They crept out of the mountains three days and another two storms later, everybody shellshocked and nauseous. They'd lost two cars along the way, crashed with blown-out tires and smashed windshields, and all the others were dented like they'd been through the wars. There were a lot of cuts and bruises, some bad whiplash cases, and nobody had done much sleeping.

Signora Benedetto had somehow clung on through the whole terrifying escapade; they'd made room for her to lie flat in one of the trucks and wrapped her in blankets and cushions, with Dr. Amato sitting next to her giving her small doses of medicine and water and Pete on the other side, talking to her softly. They stopped at the first gas station for everyone to use the bathroom and catch their breath, and lifted her out for some fresh air. "We're out of the mountains, Signora," Pete said gently, holding her dry narrow hand, and she smiled up at the sunlight and died without speaking.

They buried her in a small shallow grave by the road and covered it over with rocks and a makeshift cross made out of car parts. Pete gave the eulogy, and all two-hundred-something of them stood close together around the grave while he spoke, people crying quietly, holding hands. Vinnie clamped down on his jaw; he hadn't even known her, he hadn't said a word to her beyond "How are you doing? Okay?" and helping her into the truck, but his throat was burning.

The pumps at the station were dry. Even siphoning out the gas from the two wrecks, they were getting down to fumes in most of the cars, and as they passed another three roadside stations, all dry, they started to see the side of the road littered with the corpses of cars with empty gas tanks. "Sonny, I know it's a bad idea, but we're going to have to try further off the highway for gas stations," Vinnie said grimly.

"Yeah, on both counts," Sonny said.

He put together a foraging party: three of their guys, Macready and one of his pals, a couple of neutrals. "You're in charge while we're gone," he told Pete, who blinked at him in surprise. "I'm figuring those Irish guys are at least gonna have some respect for a priest; they shouldn't give you a hard time as long as Macready is out with us. If we're not back by nighttime, figure we're a loss, and move on to try again. Ostrow knows where the guns and spare ammo are."

They took the two biggest cars and the station wagon, empty gas cans rattling in the back, and followed the exit ramp with the sign GAS 2 MILES onto the narrow country road. The road was restful to look at, lined with green trees that hadn't all been knocked down or set on fire, and after half a mile it broke out into farmland: big fields of what Vinnie thought was cotton, or had been cotton, before it mostly got squashed flat and soaked into mush by hail.

The gas station was tiny and abandoned, with a handwritten paper sign taped up over the sandwich-board price that said $8 GALLON, ONE TANK. "Well, this might be a wasted trip," Sonny said, but when they got their makeshift pump rigged up, there was plenty of gas left, enough to fill up the three cars and all the cans they had. "I'll check if there are some more cans in the station," Vinnie said, and took Edison with him.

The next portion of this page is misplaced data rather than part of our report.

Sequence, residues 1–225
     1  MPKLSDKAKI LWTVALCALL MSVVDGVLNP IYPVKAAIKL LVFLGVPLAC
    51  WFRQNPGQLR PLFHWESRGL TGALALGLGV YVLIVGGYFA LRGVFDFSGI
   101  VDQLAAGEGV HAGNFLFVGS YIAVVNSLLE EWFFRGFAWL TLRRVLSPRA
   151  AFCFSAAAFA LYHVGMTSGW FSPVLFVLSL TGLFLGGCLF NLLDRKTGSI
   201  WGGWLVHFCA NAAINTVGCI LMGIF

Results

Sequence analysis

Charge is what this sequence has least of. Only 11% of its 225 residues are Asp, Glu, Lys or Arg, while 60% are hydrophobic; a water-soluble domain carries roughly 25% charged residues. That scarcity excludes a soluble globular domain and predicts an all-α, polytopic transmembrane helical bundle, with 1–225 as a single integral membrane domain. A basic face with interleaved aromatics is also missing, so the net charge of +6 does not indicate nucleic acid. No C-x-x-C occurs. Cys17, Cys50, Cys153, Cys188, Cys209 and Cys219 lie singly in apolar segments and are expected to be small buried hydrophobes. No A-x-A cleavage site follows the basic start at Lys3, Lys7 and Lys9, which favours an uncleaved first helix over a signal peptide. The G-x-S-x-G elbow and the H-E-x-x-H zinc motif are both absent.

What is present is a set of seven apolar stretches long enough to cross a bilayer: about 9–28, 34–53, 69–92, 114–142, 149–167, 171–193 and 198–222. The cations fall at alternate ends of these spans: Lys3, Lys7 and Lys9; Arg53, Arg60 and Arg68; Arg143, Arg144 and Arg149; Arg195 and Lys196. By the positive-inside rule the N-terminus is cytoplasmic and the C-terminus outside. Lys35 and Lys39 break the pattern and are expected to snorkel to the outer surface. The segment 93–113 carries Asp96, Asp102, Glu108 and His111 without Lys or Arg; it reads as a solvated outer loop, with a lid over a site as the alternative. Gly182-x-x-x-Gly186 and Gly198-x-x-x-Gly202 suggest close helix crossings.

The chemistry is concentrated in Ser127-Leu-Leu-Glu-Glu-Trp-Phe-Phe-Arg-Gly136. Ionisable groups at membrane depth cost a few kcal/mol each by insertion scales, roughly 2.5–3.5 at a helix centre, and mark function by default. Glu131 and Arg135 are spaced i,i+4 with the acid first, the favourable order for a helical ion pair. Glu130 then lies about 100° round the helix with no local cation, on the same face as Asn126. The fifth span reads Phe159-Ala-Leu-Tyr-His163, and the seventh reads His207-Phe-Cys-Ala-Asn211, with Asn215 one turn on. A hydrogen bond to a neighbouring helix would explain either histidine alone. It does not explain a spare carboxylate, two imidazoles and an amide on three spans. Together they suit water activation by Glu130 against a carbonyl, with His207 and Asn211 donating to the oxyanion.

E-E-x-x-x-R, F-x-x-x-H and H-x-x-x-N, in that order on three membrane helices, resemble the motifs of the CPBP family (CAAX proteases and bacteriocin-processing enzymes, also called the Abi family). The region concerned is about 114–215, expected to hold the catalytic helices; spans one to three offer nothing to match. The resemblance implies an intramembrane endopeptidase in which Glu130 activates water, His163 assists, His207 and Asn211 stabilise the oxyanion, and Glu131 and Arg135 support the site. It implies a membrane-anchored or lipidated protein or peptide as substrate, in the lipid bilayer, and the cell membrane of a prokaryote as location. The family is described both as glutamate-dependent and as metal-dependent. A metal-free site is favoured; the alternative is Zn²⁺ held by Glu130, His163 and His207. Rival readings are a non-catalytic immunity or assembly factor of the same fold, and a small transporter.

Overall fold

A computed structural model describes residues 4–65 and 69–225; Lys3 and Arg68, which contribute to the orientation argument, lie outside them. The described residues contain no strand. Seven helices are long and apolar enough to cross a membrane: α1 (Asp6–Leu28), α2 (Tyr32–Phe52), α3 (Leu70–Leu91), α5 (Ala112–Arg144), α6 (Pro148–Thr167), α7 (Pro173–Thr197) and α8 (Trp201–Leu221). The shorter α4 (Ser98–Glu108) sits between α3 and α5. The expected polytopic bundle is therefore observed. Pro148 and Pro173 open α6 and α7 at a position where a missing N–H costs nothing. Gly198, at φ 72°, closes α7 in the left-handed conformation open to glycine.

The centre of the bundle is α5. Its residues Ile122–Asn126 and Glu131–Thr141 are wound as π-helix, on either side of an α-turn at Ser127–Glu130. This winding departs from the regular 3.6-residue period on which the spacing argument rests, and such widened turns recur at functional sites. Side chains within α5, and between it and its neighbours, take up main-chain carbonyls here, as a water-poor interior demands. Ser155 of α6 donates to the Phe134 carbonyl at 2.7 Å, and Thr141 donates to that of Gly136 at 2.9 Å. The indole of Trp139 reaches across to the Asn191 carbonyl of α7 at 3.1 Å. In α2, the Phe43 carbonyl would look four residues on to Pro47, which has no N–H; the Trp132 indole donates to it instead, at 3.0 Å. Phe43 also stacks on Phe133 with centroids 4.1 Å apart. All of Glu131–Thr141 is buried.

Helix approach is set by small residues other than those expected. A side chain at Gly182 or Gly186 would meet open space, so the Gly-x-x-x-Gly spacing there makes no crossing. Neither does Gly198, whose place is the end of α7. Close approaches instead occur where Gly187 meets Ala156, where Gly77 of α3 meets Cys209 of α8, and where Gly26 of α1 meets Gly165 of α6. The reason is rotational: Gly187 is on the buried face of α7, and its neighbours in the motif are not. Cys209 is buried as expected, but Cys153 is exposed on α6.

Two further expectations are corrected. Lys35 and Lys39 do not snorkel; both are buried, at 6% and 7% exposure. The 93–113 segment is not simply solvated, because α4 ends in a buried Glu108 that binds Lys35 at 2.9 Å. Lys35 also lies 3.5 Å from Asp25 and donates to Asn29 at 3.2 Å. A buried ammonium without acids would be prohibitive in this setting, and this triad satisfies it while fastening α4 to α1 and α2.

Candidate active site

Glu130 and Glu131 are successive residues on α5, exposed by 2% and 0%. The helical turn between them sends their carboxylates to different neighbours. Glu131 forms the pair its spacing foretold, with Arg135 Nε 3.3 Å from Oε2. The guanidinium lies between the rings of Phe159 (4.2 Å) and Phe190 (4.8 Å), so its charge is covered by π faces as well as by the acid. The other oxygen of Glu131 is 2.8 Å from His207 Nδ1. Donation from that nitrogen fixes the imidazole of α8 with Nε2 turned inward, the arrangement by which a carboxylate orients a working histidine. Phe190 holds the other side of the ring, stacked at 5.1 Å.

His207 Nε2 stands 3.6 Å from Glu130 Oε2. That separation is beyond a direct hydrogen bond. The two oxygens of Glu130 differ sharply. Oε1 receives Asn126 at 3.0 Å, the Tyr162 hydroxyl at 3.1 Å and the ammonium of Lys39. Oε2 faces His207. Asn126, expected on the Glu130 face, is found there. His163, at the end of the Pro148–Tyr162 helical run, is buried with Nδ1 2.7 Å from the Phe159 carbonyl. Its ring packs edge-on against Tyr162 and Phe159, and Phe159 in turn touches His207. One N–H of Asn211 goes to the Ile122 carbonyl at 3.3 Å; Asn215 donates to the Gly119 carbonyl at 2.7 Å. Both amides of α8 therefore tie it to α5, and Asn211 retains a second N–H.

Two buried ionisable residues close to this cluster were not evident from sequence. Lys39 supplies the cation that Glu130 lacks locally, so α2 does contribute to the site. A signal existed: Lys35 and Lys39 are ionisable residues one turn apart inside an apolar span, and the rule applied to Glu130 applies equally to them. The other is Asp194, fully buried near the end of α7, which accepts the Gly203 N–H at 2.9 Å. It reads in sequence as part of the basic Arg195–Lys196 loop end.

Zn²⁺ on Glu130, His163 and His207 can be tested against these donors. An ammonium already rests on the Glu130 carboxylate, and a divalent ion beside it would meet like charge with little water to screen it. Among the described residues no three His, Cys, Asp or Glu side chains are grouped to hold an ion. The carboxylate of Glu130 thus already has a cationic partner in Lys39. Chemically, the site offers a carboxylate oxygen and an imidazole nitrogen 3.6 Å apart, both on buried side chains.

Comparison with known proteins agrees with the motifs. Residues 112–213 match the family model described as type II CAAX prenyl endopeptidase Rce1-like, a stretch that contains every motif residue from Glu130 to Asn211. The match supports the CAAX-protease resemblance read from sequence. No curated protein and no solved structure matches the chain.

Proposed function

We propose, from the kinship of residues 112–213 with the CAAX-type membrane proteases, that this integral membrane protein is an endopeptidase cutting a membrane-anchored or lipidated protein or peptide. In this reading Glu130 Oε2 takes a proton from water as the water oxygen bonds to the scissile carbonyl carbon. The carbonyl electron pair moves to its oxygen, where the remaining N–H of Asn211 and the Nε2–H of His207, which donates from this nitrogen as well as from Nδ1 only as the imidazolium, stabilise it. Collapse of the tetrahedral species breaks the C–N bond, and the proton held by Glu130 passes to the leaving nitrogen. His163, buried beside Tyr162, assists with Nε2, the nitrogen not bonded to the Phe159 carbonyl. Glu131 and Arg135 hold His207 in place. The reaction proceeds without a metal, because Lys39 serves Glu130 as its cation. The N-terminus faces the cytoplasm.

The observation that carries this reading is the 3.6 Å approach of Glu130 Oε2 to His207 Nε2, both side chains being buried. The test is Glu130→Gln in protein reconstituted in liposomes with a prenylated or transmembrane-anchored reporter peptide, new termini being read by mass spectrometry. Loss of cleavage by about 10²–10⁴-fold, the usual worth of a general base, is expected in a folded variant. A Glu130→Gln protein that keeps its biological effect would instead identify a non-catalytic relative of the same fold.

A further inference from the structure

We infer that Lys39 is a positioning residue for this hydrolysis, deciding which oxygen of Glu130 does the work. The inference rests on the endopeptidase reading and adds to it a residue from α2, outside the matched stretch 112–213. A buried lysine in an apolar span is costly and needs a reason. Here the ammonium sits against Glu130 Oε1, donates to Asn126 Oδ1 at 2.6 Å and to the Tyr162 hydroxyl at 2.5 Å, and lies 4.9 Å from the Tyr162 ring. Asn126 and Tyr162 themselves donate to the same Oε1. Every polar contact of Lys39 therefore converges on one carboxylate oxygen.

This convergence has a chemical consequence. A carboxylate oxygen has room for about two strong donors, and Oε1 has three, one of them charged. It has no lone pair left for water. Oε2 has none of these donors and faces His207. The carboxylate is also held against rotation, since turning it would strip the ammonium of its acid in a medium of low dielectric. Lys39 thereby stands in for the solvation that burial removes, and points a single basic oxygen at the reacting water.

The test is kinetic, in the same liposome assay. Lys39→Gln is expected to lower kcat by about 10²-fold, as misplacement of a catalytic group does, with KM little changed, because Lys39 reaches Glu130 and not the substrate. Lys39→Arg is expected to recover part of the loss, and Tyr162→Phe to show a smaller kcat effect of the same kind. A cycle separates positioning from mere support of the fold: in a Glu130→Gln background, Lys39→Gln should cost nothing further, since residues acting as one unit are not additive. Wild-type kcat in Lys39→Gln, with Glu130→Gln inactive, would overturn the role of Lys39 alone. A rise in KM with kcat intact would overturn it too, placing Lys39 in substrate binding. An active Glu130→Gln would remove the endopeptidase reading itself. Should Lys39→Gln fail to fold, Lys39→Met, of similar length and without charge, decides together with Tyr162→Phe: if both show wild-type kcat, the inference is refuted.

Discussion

"Do you suppose everyone has left the area?" Edison said.

"Looks like it," Vinnie said. "I sure as hell wouldn't stick around with those storms going off in the mountains and probably spilling down here. It must've been like being under siege."

"Then perhaps we should consider stopping in at some of the farmhouses. We could use more clothing and dry goods."

"It's not a bad idea," Vinnie said, but Sonny vetoed.

"There's going to be plenty of time to worry about that crap after we find someplace safe enough to settle for a while," he said. "I'm not looking to meet the one last nutcase hiding out in his barn with a shotgun just because mama needs a new pair of shoes."

They filled up another five cans and headed back to the highway. Vinnie rolled the window down for the fresh air, let it blow through the car, the first clean air they'd tasted since going into the mountains. That was why he heard the pop-pop of gunfire as they came towards the entry ramp, in time to slam on the brakes.

"Take the keys," Sonny said, already getting out of the car, gun out of his waistband. He sent one quick look over the guys. "Tino, Edison, you're with us." He took the keys out of Vinnie's hand and tossed them over to Macready. "Move the cars under the overpass, keep out of sight. We need that gas."

They crept up the entry ramp staying low and fast. There were maybe fifteen or twenty motorcycles gathered at the head of the caravan. It was hard to see through the cluster of cars, but there was one big guy standing with a shotgun, at least five or six others flanking him with pistols. Pete was standing in front of the caravan with his hands spread, talking, too far away to hear what he was saying; Ostrow was next to him.